• Yep, 6! Great minds… lol… And if you really think about it, 6, only Urban and Dan successfully coached 2 rotating QBs to a National Championship (2006) at Florida.
        I know the HBC beat (then #1) ranked FSU with rotating QBs (Johnson & Brindise), but that was just 1 game. So there really isn’t a better Head Coach than Coach Mullen to try to pull this off with long term success. However, I’m not expecting a Natty for this team, but still, they control their own destiny, so… Go Gators!

  1. I am hoping that we become a pass first team to set up the run. I think Trask has the ability to make quick decision and get the ball out quick. We need to use the short passing game as running plays. Starting the Tennessee game like we played the fourth quarter would bring back the Fun & Gun. Use the strength of this team. Start fast and make it a track meet. Become one dimensional and use that experience and talent of the receiving corp.

  2. Sounds like Mullen has the situation under control. Makes sense to have both ready and plan to use both. I’m sure if the situation dictates, he won’t hesitate to play one or the other more than anticipated to give the Gators the best opportunity to win. Although he won’t alter the offensive scheme completely, Mullen will call plays based on the strengths of each player. Given the opportunity, Trask may be able to surprise some with his running ability, and hopefully Jones can throw the ball well enough to keep the D from being able to sell out to contain his running. You certainly don’t want a situation where you’re telegraphing plays based on which QB is in the game. But CDM obviously knows all that and will plan appropriately and adjust as necessary.

    • Joe, I’m going to introduce something a tad controversial here — tmcurvel above got me thinking about the Fun n’ Gun, you know what I mean, starts with one neuron wiggling around a little, next thing you know another one does it too, which eventually turns into a synapse and before you know it you’re actually having a thought. Or else you fall back asleep, it can go either way at that juncture. Now, we know CDM is his own OC, calling all the plays. But what if he were to suddenly get a wild hair and decide to actually hire an OC?
      Say, Kerwin Bell for instance.

      Just for gits and shiggles, whatcha think would be the outcome of that little venture?

      • Wow, 6! I didn’t see that coming. That takes some thought to work through. I don’t think he’s likely to do it, but I understand you’re asking the hypothetical “what if?”.

        I know the “Kerwin experiment” at USF is struggling now, but I think that’s a problem of less than adequate talent and not a problem with Kerwin’s coaching or scheme. I think that given more talent and time, Kerwin will turn it around at USF. I think he could be great, given the talent at UF, but he’d still need to get improved OL play to be truly successful.

        Having said that, I think the HBC’s demise at USCe was brought about in large part by him letting Steve, Jr. call plays. Just like with Bobby and Jeff at FSU, a father’s love for his son clouded his judgement and accelerated the end of his career. As long as CDM is successful calling plays for himself, I’m not sure it’s wise to hand off that duty to anyone else.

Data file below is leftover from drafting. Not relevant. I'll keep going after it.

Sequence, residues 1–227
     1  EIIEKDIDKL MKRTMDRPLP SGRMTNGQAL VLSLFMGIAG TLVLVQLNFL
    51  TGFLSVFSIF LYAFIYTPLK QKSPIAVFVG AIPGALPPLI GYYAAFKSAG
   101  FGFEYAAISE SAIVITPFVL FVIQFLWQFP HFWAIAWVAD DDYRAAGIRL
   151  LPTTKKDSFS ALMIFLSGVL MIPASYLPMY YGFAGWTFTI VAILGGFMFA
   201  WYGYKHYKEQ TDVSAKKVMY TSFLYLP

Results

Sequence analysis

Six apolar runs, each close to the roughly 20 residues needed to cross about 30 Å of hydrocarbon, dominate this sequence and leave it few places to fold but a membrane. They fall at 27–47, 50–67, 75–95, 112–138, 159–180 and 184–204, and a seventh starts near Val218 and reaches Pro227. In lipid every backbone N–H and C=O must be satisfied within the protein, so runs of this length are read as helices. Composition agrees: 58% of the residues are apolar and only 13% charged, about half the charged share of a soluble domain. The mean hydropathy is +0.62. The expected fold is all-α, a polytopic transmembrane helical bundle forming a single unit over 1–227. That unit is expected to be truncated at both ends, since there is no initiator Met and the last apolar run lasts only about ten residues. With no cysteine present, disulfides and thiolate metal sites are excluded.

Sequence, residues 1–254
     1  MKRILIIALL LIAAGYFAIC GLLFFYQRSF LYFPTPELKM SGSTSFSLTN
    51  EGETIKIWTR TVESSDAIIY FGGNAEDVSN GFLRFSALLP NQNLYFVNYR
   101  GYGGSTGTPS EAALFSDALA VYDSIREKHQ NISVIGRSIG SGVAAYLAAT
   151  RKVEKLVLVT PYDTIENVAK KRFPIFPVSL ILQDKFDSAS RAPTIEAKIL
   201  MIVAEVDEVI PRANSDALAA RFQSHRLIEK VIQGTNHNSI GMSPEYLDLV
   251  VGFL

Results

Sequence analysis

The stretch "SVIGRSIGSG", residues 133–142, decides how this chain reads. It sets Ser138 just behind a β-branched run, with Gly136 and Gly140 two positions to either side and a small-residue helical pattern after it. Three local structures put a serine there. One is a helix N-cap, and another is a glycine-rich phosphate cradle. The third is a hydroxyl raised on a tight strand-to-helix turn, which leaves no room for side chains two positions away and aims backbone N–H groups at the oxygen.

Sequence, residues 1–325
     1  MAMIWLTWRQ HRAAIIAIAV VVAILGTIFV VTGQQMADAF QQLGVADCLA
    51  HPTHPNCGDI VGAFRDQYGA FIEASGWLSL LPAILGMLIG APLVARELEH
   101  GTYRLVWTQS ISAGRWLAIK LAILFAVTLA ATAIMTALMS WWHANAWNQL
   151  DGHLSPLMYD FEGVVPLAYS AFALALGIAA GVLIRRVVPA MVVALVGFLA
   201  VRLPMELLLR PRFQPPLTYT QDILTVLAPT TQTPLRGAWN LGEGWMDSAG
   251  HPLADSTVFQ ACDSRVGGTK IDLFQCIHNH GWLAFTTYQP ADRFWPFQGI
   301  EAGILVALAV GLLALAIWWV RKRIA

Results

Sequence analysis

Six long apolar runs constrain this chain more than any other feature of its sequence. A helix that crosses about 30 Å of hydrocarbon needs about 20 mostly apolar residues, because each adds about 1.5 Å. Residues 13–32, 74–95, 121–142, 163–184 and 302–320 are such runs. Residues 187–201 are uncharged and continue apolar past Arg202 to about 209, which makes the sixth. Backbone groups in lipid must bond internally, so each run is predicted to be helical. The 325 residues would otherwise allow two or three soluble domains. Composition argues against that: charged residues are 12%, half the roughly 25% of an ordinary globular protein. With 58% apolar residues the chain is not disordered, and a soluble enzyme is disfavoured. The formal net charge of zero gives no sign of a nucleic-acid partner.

3. CDM has demonstrated he can handle a two QB situation. He did just fine with Chris Leak and Tim Tebow. He now needs to judiciously get Emory Jones real playing time in order to prepare him to step in if, God forbid, we lose Trask the way we lost Franks. Based on what I saw in the spring game and vs. UTM, Jones needs more seasoning as a passer. He seems to have difficulties reading defenses and throwing accurately to secondary receivers.

    That said, two points became very evident in the 4th quarter vs. Kentucky. First, Kyle Trask takes less time to find open receivers and get rid of the ball than Franks does. Second, the Gator OL is much better at pass blocking than run blocking at this time. Going forward, both of those points argue for more Trask and less Jones, at least until Jones demonstrates better pocket passing skills than he has to date. Those same two points also argue for more passing and less running, at least until opposing defenses adjust and drop safeties back into pass coverage on first down and second and medium yardage.

  4. I would be surprised if Mullen play EJ for more than a couple of series. He’ll do it just to keep the opposition honest to prepare for both QBs. I don’t expect Trask on any designed runs, not that he can’t or isn’t a willing runner. For short yardage situations, I would put EJ in but only after thinking long and hard about using him. It’s not because EJ isn’t a good runner or not ready for the job. The problem Mullen faces is that he is down to two quarterbacks. He can’t afford to lose another or we will become one dimensional, if we aren’t already there. With two QBs, at least he can roll the dice on a few designed runs with EJ to keep the defense honest.

    We are 3-0 but my outlook for the rest of the season is trending down. It’s not because Trask wasn’t great against UK or going to great the rest of the way. It’s because the mounting injuries and lack of depth in a few position groups is a big concern. Losing Henderson was big and really hurt. The safeties are going to have to play safety because he’s not going to put Dean, Elam, or whoever on an island. I know Mullen holds out hope that Henderson could be back this week but I doubt we will see him back before Auburn at the earliest. Speaking of mounting injuries, I still believe there is no correlation between it and the Savage or any other strength of conditioning program. It’s just the nature of the game and some years are worse than others.